A widespread health crisis such as a global pandemic could cause substantial market volatility, exchange trading suspensions and closures, and affect portfolio performance. For example, the novel coronavirus disease (COVID-19) has resulted in significant disruptions to global business activity. The impact of a health crisis and other epidemics and pandemics that may arise in the future, could affect the global economy in ways that cannot necessarily be foreseen at the present time. A health crisis may exacerbate other preexisting political, social, and economic risks. Any such impact could adversely affect the portfolio’s performance, resulting in losses to your investment

Investing involves risks, including the potential loss of principal. Financial markets are volatile and can fluctuate significantly in response to company, industry, political, regulatory, market, or economic developments. These risks are magnified for investments made in emerging markets. Currency risk is the risk that fluctuations in exchange rates may adversely affect the value of a portfolio’s investments.

The information provided does not take into account the suitability, investment objectives, financial situation, or particular needs of any specific person. You should consider the suitability of any type of investment for your circumstances and, if necessary, seek professional advice.

This material, intended for the exclusive use by the recipients who are allowable to receive this document under the applicable laws and regulations of the relevant jurisdictions, was produced by, and the opinions expressed are those of, Manulife Investment Management as of the date of this publication and are subject to change based on market and other conditions. The information and/or analysis contained in this material has been compiled or arrived at from sources believed to be reliable, but Manulife Investment Management does not make any representation as to their accuracy, correctness, usefulness, or completeness and does not accept liability for any loss arising from the use of the information and/or analysis contained. The information in this material may contain projections or other forward-looking statements regarding future events, targets, management discipline, or other expectations, and is only as current as of the date indicated. The information in this document, including statements concerning financial market trends, are based on current market conditions, which will fluctuate and may be superseded by subsequent market events or for other reasons. Manulife Investment Management disclaims any responsibility to update such information.

Neither Manulife Investment Management or its affiliates, nor any of their directors, officers, or employees shall assume any liability or responsibility for any direct or indirect loss or damage or any other consequence of any person acting or not acting in reliance on the information contained herein. All overviews and commentary are intended to be general in nature and for current interest. While helpful, these overviews are no substitute for professional tax, investment, or legal advice. Clients should seek professional advice for their particular situation. Neither Manulife, Manulife Investment Management, nor any of their affiliates or representatives is providing tax, investment, or legal advice. This material was prepared solely for informational purposes, does not constitute a recommendation, professional advice, an offer, or an invitation by or on behalf of Manulife Investment Management to any person to buy or sell any security or adopt any investment strategy, and is no indication of trading intent in any fund or account managed by Manulife Investment Management. No investment strategy or risk management technique can guarantee returns or eliminate risk in any market environment. Diversification or asset allocation does not guarantee a profit or protect against a loss in any market. Unless otherwise specified, all data is sourced from Manulife Investment Management. Past performance does not guarantee future results.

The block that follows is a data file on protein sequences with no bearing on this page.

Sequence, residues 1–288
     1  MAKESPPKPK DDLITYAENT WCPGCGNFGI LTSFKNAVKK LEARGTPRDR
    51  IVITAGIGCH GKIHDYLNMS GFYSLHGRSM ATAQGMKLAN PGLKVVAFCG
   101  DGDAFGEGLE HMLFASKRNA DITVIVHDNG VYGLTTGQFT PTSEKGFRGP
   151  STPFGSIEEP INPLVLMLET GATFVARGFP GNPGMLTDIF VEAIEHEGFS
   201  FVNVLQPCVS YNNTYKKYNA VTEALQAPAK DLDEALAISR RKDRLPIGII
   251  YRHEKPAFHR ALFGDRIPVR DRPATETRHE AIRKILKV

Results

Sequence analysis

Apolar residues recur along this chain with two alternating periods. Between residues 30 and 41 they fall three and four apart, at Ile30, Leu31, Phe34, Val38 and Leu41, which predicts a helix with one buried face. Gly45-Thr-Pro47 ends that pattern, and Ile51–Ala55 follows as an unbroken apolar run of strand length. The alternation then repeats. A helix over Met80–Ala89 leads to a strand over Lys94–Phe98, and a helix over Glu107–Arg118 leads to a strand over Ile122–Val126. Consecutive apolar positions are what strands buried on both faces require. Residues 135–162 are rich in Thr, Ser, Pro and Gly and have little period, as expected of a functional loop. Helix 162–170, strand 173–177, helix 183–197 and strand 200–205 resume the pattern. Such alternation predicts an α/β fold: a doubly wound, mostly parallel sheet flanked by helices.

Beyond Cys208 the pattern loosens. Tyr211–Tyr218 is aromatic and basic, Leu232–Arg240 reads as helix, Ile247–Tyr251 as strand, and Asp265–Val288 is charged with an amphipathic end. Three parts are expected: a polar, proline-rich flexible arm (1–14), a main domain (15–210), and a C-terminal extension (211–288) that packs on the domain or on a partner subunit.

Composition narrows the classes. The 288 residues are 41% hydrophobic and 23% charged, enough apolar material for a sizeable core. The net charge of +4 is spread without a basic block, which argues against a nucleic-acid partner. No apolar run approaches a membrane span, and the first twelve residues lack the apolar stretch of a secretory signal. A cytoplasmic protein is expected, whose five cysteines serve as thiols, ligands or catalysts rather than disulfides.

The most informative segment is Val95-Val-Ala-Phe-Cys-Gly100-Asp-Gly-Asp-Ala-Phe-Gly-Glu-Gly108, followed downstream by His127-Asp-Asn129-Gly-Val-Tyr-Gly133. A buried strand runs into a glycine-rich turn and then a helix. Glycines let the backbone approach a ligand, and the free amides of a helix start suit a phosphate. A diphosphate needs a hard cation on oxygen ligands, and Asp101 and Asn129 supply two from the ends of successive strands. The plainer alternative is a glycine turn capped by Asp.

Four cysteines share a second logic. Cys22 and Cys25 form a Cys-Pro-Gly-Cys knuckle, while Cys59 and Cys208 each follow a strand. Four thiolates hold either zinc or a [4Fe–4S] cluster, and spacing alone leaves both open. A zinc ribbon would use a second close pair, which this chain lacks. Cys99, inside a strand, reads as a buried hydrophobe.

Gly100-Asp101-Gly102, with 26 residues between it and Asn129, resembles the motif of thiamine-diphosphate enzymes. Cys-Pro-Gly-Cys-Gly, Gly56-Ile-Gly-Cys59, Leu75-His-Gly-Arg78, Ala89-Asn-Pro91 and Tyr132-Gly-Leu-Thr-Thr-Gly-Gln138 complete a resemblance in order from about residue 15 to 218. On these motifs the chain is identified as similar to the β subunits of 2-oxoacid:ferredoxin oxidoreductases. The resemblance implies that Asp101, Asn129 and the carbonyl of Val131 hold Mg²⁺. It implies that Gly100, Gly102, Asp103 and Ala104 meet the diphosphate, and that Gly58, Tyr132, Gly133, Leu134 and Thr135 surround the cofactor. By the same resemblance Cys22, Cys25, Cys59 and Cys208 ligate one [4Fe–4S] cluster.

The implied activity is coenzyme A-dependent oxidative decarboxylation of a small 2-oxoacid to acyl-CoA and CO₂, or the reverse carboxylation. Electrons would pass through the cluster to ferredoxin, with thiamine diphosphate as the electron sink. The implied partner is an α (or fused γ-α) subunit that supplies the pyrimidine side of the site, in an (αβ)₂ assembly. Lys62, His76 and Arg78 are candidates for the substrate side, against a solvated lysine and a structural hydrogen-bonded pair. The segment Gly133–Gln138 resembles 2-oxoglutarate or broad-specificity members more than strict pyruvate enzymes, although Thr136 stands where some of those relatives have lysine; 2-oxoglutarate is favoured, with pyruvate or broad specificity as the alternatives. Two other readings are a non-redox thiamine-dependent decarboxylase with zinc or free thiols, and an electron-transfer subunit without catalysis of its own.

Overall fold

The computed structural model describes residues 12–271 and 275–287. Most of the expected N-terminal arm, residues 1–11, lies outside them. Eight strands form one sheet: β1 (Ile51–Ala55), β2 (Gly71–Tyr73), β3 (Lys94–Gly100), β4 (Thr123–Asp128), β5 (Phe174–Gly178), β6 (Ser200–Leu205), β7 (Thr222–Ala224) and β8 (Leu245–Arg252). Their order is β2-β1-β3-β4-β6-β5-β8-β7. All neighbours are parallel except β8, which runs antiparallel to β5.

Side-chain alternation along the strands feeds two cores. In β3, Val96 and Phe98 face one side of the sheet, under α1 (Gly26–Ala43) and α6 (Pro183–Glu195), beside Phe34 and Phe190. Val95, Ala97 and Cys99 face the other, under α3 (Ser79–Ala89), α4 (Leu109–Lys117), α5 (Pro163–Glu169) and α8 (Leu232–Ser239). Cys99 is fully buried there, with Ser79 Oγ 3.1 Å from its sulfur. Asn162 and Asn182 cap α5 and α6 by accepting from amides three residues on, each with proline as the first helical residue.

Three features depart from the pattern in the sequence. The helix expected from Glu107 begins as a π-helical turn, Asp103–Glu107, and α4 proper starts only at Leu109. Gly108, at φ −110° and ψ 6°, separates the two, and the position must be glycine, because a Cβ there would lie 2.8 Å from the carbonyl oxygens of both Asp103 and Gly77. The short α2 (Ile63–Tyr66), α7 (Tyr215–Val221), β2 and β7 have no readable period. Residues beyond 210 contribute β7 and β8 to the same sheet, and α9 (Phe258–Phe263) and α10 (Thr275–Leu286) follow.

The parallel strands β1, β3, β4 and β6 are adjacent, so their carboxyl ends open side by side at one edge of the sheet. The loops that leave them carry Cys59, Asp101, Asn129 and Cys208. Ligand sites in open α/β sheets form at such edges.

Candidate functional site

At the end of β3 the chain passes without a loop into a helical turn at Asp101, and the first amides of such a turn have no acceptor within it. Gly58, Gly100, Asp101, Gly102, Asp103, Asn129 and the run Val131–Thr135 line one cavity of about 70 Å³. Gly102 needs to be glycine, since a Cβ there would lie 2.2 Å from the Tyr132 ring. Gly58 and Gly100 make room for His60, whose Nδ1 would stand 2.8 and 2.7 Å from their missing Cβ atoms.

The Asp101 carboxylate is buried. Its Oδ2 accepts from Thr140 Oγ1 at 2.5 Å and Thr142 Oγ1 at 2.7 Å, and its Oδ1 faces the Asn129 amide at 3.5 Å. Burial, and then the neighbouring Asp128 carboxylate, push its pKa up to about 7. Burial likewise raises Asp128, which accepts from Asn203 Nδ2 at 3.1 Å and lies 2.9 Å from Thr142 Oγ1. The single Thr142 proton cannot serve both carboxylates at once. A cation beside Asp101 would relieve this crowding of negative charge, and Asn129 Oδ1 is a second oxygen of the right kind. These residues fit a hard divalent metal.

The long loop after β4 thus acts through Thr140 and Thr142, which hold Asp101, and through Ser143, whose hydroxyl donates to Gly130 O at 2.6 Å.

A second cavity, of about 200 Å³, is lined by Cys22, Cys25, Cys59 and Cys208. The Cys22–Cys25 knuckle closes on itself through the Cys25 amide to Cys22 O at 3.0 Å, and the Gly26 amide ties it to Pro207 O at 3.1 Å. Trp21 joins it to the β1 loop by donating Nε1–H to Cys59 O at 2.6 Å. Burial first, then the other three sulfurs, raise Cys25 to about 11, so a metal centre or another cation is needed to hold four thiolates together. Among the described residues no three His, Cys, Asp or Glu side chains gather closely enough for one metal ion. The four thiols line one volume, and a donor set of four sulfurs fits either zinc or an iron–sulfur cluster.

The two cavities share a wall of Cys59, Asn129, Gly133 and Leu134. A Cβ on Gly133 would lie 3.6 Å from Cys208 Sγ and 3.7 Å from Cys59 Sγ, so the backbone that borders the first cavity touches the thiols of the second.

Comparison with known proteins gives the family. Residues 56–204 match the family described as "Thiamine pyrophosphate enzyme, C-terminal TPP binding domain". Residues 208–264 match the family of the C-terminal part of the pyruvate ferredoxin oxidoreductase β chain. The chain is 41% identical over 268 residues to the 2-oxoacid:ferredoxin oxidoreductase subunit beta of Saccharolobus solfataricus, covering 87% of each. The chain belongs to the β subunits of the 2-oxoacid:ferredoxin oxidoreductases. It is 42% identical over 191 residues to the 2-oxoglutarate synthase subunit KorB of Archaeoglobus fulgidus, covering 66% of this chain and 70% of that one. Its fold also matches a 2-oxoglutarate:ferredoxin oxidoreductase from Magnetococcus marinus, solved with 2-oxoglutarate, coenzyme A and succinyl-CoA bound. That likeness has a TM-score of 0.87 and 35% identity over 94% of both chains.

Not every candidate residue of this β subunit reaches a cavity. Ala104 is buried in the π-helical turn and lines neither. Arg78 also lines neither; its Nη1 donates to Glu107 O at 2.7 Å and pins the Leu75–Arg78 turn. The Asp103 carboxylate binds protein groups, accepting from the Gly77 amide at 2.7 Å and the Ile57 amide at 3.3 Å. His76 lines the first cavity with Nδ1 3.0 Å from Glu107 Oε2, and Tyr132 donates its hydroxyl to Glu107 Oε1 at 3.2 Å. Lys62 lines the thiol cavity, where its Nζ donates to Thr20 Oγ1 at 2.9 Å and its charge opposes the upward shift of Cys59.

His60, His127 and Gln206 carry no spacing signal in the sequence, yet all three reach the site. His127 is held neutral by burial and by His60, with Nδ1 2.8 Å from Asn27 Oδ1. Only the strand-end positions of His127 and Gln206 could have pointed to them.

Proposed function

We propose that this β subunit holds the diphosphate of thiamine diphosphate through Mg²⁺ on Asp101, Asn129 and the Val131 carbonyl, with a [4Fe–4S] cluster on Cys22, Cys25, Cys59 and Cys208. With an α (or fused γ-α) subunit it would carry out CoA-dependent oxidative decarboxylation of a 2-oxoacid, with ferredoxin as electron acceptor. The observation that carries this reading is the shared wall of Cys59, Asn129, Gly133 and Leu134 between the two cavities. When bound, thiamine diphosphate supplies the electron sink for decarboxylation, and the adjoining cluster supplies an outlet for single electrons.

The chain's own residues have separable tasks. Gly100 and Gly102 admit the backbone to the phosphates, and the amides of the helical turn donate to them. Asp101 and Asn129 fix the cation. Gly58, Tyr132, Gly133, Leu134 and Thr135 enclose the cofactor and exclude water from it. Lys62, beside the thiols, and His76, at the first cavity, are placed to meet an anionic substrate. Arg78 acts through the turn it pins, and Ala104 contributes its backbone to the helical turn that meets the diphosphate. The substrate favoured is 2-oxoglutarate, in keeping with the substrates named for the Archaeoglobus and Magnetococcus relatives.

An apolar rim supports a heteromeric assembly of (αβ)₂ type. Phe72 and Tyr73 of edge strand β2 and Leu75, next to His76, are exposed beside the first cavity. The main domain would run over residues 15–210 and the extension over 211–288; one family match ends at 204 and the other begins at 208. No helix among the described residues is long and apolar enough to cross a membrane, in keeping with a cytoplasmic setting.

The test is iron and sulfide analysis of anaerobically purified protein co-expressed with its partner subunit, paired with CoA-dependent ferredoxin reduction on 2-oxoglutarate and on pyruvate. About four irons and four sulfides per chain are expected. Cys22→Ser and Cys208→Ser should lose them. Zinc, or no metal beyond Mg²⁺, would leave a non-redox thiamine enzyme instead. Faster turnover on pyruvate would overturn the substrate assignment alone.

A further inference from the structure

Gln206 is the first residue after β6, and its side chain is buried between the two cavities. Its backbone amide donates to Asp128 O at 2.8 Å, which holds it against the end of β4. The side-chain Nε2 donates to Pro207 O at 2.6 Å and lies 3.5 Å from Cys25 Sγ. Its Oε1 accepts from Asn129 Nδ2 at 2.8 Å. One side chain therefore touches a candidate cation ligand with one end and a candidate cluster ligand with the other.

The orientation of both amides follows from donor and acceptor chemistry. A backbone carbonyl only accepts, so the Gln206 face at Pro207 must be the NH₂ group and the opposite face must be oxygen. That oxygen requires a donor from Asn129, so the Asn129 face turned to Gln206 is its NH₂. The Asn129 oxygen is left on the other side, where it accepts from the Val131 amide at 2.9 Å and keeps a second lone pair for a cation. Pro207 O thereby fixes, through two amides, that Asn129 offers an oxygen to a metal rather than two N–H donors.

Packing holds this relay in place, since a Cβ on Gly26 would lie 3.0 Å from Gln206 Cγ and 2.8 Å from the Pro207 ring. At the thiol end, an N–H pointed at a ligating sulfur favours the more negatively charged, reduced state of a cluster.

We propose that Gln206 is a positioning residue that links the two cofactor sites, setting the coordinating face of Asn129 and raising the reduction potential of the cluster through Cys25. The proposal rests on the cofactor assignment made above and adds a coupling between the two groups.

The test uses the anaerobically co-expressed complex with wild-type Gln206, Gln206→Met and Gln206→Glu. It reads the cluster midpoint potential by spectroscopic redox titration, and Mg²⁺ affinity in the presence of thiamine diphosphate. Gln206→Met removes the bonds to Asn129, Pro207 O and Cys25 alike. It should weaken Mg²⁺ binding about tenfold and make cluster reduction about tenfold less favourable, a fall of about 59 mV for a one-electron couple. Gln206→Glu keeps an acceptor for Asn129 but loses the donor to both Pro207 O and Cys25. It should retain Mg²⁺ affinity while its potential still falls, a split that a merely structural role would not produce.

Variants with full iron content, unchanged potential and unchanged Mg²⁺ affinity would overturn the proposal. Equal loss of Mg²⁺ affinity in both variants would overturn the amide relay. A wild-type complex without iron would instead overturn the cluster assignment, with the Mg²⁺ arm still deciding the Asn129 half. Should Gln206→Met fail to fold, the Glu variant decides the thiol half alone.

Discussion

Manulife Investment Management

Manulife Investment Management is the global wealth and asset management segment of Manulife Financial Corporation. We draw on more than a century of financial stewardship to partner with clients across our institutional, retail, and retirement businesses globally. Our specialist approach to money management includes the highly differentiated strategies of our fixed-income, specialized equity, multi-asset solutions, and private markets teams, along with access to specialized, unaffiliated asset managers from around the world through our multimanager model. 

These materials have not been reviewed by and are not registered with any securities or other regulatory authority, and may, where appropriate, be distributed by the following Manulife entities in their respective jurisdictions. Additional information about Manulife Investment Management may be found at

Australia: Hancock Natural Resource Group Australasia Pty Limited, Manulife Investment Management (Hong Kong) Limited. Brazil: Hancock Asset Management Brasil Ltda. Canada: Manulife Investment Management Limited, Manulife Investment Management Distributors Inc., Manulife Investment Management (North America) Limited, Manulife Investment Management Private Markets (Canada) Corp. China: Manulife Overseas Investment Fund Management (Shanghai) Limited Company. European Economic Area and United Kingdom: Manulife Investment Management (Europe) Ltd.which is authorized and regulated by the Financial Conduct AuthorityManulife Investment Management (Ireland) Ltd., which is authorized and regulated by the Central Bank of Ireland Hong Kong: Manulife Investment Management (Hong Kong) Limited. Indonesia: PT Manulife Aset Manajemen Indonesia. Japan: Manulife Investment Management (Japan) Limited. Malaysia: Manulife Investment Management (M) Berhad (formerly known as Manulife Asset Management Services Berhad) 200801033087 (834424-U). Philippines: Manulife Asset Management and Trust Corporation. Singapore: Manulife Investment Management (Singapore) Pte. Ltd. (Company Registration No. 200709952G). South Korea: Manulife Investment Management (Hong Kong) Limited. Switzerland: Manulife IM (Switzerland) LLC. Taiwan: Manulife Investment Management (Taiwan) Co. Ltd. United States: John Hancock Investment Management LLC, Manulife Investment Management (US) LLC, Manulife Investment Management Private Markets (US) LLC, and Hancock Natural Resource Group, Inc. Vietnam: Manulife Investment Fund Management (Vietnam) Company Limited.

Manulife Investment Management, the Stylized M Design, and Manulife Investment Management & Stylized M Design are trademarks of The Manufacturers Life Insurance Company and are used by it, and by its affiliates, under license.


Howard C. Greene, CFA

Howard C. Greene, CFA, 

Senior Portfolio Manager, Co-Head of U.S. Core and Core Plus Fixed Income

Manulife Investment Management

Read bio
Jeffrey N. Given, CFA

Jeffrey N. Given, CFA, 

Senior Portfolio Manager, Co-Head of U.S. Core and Core Plus Fixed Income

Manulife Investment Management

Read bio